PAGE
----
THE TRUTH BEHIND COMMON CONTRACEPTIVE MYTHS
Giving birth can be one of the most exciting, yet scariest things to happen to a person. To ensure you take control of your future, it’s best that you distinguish facts from myths from fiction when it comes to contraceptives.
Let’s get started.
- ONLY IMMORAL GIRLS USE CONTRACEPTIVES
To begin with, there are those who think or may perceive girls who use contraceptives to be immoral. However, would you prefer to take control of your future or wing it? In most cases, the latter would be advisable. Regardless, certain people will argue from a religious bearing while others from a cultural belief for the former. According to a survey taken by the Kenya Demographic Institute and a Health Survey held in 2014, it was revealed that a significant number of Kenyans aged between 15 and 18 years were engaging in sexual practices, with most of them having insufficient knowledge about HIV transmission and prevention. Considering the dire state of things, it is probably high time we educate our girls about the C-word.
The following facts are meant to debunk all of the myths surrounding contraceptives and those who use it.
- Girls and young women who get pregnant at an early age are particularly prone to a variety of problems during birth. The use of contraception allows them to put off having children until their bodies are fully capable of supporting a pregnancy.
- The use of contraceptives allows girls to avoid the need of undergoing unsafe abortions.
- Through the use of contraceptives, both girls and young women are able to finish their education and pursue their careers without having to worry about getting pregnant.
- Use of contraceptives also means safer sexual interactions for all parties involved.
- IF YOU ARE USING CONTRACEPTIVES YOU MAY NEVER CONCEIVE.
One of the questions regularly posed to us is whether or not the use of contraceptives may hurt one’s chances of getting pregnant in the future. A simple and definite answer to this is NO.
Most doctors agree that contraceptives don’t alter fertility, but can in some women cause them to take a longer time to conceive. Women under 30 years old are very fertile. Their ability to get pregnant is at its peak during this stage of their lives. In Kenya, about three in four sexually active women under 30 are using some type of contraceptive.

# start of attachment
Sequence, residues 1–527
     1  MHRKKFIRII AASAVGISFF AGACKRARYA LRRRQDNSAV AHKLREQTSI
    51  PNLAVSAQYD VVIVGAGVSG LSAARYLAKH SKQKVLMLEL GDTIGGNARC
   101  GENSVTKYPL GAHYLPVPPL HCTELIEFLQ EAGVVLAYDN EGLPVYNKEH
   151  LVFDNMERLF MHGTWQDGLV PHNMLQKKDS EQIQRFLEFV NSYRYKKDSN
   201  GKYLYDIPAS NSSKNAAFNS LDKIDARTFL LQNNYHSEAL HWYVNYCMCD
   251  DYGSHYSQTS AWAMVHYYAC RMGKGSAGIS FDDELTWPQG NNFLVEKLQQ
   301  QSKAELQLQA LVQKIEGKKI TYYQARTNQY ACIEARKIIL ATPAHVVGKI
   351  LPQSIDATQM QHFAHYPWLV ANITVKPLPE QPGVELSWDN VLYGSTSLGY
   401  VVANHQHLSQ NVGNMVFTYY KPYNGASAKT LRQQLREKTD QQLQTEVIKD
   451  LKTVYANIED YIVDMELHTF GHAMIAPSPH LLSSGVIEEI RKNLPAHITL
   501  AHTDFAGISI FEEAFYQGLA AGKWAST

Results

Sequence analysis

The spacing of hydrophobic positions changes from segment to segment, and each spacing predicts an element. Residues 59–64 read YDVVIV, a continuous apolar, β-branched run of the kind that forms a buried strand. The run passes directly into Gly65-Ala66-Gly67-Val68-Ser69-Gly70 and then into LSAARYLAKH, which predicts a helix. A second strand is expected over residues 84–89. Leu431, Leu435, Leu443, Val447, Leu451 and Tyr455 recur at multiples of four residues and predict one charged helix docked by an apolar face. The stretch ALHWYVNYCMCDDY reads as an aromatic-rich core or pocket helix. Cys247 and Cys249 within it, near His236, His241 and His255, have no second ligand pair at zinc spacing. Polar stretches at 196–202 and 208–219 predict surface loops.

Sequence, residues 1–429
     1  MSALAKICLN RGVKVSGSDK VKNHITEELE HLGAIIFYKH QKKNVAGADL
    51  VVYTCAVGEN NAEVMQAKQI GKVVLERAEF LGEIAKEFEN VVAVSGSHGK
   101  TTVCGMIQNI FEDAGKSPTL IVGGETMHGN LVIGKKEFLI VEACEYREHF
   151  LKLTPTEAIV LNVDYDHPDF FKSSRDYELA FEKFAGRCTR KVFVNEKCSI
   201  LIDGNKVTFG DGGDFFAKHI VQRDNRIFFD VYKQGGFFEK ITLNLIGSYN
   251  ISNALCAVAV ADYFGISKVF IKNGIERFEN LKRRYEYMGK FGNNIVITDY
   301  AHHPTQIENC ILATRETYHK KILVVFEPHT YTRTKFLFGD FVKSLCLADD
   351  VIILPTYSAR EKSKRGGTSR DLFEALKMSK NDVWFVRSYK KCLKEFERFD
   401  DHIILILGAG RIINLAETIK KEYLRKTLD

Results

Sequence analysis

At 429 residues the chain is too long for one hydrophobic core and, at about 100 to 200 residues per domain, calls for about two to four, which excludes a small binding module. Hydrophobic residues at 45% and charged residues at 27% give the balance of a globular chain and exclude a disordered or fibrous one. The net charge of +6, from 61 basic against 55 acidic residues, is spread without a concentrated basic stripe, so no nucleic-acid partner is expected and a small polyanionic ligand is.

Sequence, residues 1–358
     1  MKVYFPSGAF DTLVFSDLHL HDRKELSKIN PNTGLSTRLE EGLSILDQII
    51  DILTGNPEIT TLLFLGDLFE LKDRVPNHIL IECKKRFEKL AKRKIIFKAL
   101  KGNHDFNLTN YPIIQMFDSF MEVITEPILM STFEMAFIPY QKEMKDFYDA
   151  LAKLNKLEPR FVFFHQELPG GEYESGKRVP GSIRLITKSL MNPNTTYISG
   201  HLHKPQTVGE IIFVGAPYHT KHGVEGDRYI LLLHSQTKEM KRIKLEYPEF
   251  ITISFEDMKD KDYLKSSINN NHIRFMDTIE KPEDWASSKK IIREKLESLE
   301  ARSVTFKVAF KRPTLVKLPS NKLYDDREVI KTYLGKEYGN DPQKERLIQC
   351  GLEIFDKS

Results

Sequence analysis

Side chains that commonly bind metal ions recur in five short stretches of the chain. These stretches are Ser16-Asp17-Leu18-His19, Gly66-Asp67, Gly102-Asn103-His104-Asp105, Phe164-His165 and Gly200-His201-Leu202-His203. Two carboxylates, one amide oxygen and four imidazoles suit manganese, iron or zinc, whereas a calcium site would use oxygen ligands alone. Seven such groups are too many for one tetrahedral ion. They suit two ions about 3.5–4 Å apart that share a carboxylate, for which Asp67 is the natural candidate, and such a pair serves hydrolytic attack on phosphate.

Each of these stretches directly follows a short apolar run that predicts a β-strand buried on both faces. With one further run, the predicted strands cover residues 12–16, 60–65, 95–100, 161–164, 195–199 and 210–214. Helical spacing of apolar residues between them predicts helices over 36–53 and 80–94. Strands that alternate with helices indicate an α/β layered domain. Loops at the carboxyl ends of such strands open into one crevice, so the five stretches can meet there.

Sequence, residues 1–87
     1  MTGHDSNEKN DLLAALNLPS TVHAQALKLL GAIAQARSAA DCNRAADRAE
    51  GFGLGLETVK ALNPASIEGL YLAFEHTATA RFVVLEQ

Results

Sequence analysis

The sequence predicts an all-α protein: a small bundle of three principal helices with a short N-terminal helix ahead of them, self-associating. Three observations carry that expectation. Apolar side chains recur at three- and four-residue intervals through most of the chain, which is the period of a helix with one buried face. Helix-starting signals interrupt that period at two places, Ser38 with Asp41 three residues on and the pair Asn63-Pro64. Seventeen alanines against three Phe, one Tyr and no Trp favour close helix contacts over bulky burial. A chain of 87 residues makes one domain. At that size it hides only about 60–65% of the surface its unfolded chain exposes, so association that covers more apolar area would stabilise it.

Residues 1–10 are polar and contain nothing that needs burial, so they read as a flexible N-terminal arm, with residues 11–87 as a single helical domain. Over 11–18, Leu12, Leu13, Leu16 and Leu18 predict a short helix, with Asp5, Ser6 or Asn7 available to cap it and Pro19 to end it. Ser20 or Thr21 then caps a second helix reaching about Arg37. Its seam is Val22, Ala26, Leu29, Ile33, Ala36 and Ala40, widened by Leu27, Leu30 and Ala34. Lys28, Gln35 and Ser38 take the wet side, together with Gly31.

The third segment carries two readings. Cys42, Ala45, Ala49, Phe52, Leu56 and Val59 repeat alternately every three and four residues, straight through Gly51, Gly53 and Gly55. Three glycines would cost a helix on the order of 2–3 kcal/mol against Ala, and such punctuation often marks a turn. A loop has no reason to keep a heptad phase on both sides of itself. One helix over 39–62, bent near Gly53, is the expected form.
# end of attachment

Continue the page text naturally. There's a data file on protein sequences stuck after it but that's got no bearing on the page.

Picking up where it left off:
Short-term methods can help prevent pregnancy, but none of them will have long-lasting effects on your ability to conceive when you stop. That’s why SOME women who use the Pill but accidentally forget to take it for a few days can get pregnant that month.
- EMERGENCY CONTRACEPTION CAN ONLY BE USED IN “the morning after” HAVING UNPROTECTED SEX
Emergency contraception is often known as the ‘morning after pill’ or ‘E-pill’, but this is not a very helpful or accurate term. The emergency contraceptive pill is usually effective for up to three days after having unprotected sex. You can access the emergency contraceptive pills from clinics, youth friendly organizations, and pharmacies.
Also, did you know a copper IUD is very effective as an emergency contraceptive if inserted up to five days after unprotected sex? It has the advantage that if the woman chooses, the copper IUD can give her highly effective contraception for five years or more.
- CONTRACEPTIVES MAKES YOU PUT ON WEIGHT
Weight gain due to use of contraceptives is still a persistent myth that states women on the pill or those using another form of hormonal contraception tend to gain weight. In most cases, weight gain is as a result of your diet. Research shows that women using the hormonal contraceptives are less likely to gain weight than women using contraception without hormones.
Short-term methods such as Depo-Provera (Injection) may be associated with an increase in weight for some women. In the case of significant weight increase, women are advised to exercise and eat less processed foods.
Contraceptives if used well have more benefits compared to disadvantages. 😉
By: Mercy Munyao